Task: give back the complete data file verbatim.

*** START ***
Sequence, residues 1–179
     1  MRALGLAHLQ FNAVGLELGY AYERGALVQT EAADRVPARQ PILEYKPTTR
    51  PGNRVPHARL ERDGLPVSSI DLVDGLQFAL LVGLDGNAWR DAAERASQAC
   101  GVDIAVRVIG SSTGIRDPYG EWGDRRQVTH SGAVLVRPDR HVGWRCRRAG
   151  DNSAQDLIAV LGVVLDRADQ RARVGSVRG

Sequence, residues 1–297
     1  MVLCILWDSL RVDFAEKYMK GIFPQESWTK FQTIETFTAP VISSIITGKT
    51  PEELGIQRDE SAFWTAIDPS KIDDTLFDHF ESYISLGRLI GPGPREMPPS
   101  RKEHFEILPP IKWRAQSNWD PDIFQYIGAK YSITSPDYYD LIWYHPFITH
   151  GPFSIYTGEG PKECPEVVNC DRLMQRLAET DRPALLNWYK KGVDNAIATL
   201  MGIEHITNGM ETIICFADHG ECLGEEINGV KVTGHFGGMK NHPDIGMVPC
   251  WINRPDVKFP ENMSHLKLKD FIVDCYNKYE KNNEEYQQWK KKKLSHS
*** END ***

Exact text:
Sequence, residues 1–179
     1  MRALGLAHLQ FNAVGLELGY AYERGALVQT EAADRVPARQ PILEYKPTTR
    51  PGNRVPHARL ERDGLPVSSI DLVDGLQFAL LVGLDGNAWR DAAERASQAC
   101  GVDIAVRVIG SSTGIRDPYG EWGDRRQVTH SGAVLVRPDR HVGWRCRRAG
   151  DNSAQDLIAV LGVVLDRADQ RARVGSVRG

Sequence, residues 1–297
     1  MVLCILWDSL RVDFAEKYMK GIFPQESWTK FQTIETFTAP VISSIITGKT
    51  PEELGIQRDE SAFWTAIDPS KIDDTLFDHF ESYISLGRLI GPGPREMPPS
   101  RKEHFEILPP IKWRAQSNWD PDIFQYIGAK YSITSPDYYD LIWYHPFITH
   151  GPFSIYTGEG PKECPEVVNC DRLMQRLAET DRPALLNWYK KGVDNAIATL
   201  MGIEHITNGM ETIICFADHG ECLGEEINGV KVTGHFGGMK NHPDIGMVPC
   251  WINRPDVKFP ENMSHLKLKD FIVDCYNKYE KNNEEYQQWK KKKLSHS